Opossums have a body temperature of 97 degrees which is only a degree lower than we humans. My first thought was that opossums are warm blooded therefore they can transmit or carry rabies (which is correct). Rabies in opossums is rare and they may have some natural immunity because they are carrion feeders or prey upon the moribund, just like the vultures immunity against botulism. Now, opossums are really nasty and vile creatures and their bite would be like that of a Komodo dragon, full of nasty bacteria. Opossums are one of the most heavily parasitized animals that I have ever necropsied. They are typically infected with a heavy burden of intestinal parasites and protozoans. Any opossum bite would cause concern for a result with an a)infection b)tetanus and rabies. Opossums carry a nasty protozoan that if a horse gets infected with it will cause a meningitis that can be debilitating. For that reason alone, opossums are lead magnets on my property. I wouldn't doubt that they carry a disease that hasn't been diagnosed correctly in humans that originates from opossums. It took years to find out that protozoal myeloencephalitis in horses originated from opossums.
30 posted on 06/26/2009 1:21:47 PM PDT by vetvetdoug
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To: sausageseller

Anyone that has had the experience of raccoons inhabiting the house or barn will do the same as you and I have done. Raccoons are destructive creatures and don’t belong in close proximity with humans and their pets. They will kill small dogs and cats and tear up food intended for animals or us. Raccoons can destroy a corn field in a matter of days. If one has a garden, they can destroy it in one night. If one has a chicken house, they will kill all of the chickens in a house in one night and destroy the eggs. I can live trap them and there are families around here that Bar B Que the young healthy ones.


31 posted on 06/26/2009 1:27:39 PM PDT by vetvetdoug
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To: vetvetdoug

Interesting notes; Thanks Doug. I was just recounting to somebody the other day how my old shep, Timber, dispatched two ‘possums back when we were living in PA.


32 posted on 06/26/2009 1:36:18 PM PDT by Joe 6-pack (Que me amat, amet et canem meum)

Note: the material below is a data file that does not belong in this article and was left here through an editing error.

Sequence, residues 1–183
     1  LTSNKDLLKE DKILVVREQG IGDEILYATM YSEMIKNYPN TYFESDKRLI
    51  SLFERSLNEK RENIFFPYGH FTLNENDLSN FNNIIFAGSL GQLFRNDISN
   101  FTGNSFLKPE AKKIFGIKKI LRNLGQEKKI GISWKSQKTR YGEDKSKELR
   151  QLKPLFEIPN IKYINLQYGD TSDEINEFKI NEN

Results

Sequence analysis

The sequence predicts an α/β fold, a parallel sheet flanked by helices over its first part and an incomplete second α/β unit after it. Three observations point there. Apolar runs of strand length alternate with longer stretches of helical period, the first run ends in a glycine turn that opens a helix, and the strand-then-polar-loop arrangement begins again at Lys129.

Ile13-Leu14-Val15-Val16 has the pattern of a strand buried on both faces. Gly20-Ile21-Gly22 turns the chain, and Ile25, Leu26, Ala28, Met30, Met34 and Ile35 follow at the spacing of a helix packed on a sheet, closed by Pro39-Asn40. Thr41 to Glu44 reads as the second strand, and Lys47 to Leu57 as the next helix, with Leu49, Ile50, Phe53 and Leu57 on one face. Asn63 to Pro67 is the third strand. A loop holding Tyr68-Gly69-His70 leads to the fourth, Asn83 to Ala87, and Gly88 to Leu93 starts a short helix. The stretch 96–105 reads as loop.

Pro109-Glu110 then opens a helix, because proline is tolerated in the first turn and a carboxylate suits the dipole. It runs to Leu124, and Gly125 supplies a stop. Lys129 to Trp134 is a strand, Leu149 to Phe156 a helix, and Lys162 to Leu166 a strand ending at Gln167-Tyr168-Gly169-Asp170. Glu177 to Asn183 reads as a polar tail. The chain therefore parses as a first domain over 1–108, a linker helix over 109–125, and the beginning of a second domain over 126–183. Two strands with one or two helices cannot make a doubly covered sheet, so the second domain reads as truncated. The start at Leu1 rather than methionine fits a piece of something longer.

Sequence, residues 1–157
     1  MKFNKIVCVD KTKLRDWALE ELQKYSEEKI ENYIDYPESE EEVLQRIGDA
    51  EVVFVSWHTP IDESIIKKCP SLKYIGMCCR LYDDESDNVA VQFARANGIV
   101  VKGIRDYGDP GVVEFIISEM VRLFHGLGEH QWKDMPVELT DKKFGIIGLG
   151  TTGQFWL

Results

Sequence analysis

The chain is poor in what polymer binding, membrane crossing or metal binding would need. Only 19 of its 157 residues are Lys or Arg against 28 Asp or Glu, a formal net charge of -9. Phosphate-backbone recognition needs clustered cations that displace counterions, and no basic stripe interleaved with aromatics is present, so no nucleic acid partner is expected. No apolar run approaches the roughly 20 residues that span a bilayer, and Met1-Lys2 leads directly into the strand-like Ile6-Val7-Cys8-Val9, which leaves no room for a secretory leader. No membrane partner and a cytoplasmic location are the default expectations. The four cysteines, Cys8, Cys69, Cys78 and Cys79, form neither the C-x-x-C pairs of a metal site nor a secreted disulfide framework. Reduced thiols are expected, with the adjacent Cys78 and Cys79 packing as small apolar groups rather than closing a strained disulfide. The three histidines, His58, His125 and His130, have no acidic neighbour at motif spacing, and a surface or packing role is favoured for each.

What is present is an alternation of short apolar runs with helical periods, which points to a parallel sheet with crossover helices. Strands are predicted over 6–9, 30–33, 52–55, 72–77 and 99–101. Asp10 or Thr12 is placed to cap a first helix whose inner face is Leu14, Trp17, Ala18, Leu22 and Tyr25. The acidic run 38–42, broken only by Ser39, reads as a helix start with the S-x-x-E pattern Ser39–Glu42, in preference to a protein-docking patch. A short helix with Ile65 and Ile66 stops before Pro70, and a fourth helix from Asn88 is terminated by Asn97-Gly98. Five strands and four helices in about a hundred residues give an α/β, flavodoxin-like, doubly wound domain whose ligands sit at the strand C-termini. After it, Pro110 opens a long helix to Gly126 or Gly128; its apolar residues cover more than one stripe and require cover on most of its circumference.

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To: Mister Da
I believe I read somewhere that a possum's body temperature is too low to support the rabies virus. Rabies in a possum is rare.

I think you are correct.

Very unlikely the possum was rabid.

33 posted on 06/26/2009 1:46:29 PM PDT by Vinnie (You're Nobody 'Til Somebody Jihads You)
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To: vetvetdoug; Mister Da
Thanks. I, too have necropsied possums. I can't believe people eat them. They can carry the parasite Trypanosoma cruzi which causes Chagas' disease in humans, and is spread by the bite of insects in the Rejuvid family. There was an episode of "House" about Chagas' disease. It took me about 10 minutes to make the diagnosis and it took House the whole show.

I read about EPM. It sounds very nasty.

34 posted on 06/26/2009 2:01:47 PM PDT by CholeraJoe (So close to Postal.)
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To: marktwain

Dude, it was Humbolt, home of Humbolt U and a haven for unwashed liberals. There was even a Joan Baez in Concert poster in the “historic” hotel we stayed in a couple years ago in Acada. It’s what you’d expect of a socialist paradise— lots of vagrants, tatoo parlors, bar after run-down bar, rusted VW micro busses everywhere...


35 posted on 06/26/2009 2:18:41 PM PDT by mikeus_maximus
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To: vetvetdoug

Thanks for the solid info.

We have possums in our back yard at night, usually on the fence. It gives the dog something to bark at. They don’t bother me, so I don’t bother them. Curious creature - vile looking!

I read they don’t live long - 4-5 years max. The article mentioned the possum was large. Perhaps it was old & dying.


36 posted on 06/26/2009 5:25:04 PM PDT by Mister Da (The mark of a wise man is not what he knows, but what he knows he doesn't know!)
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To: Mister Da
Rabies in a possum is rare.

Agreed. Sometimes in hot dry weather Possums, especially if they are nursing a litter will venture out in the day looking for food or water. On the other hand, while rarely being rabid, Possums are a vector for Chagas Disease. yuck.

37 posted on 06/26/2009 10:02:18 PM PDT by sockmonkey
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To: Mister Da

We had a litter of baby possums born under the deck between our house and garage this spring.

I heard noises in the garage for a few days but attributed it to mice or the wind until I almost stepped on a baby possum one night when it came out from between a couple boxes under the workbench.

Over the next five days I removed 10 of them from the garage (some may have been repeats, as there was a small hole in the garage wall they were using to enter and exit) by either live-trapping, shooing them out the door, or just picking them up by the tail and carrying them outside.

The problem went away after I patched up the hole in the wall, and I haven’t seen one in a couple weeks now.


38 posted on 06/27/2009 6:48:38 AM PDT by NorthWoody (A vote is like a rifle: its usefulness depends upon the character of the user. - Theodore Roosevelt)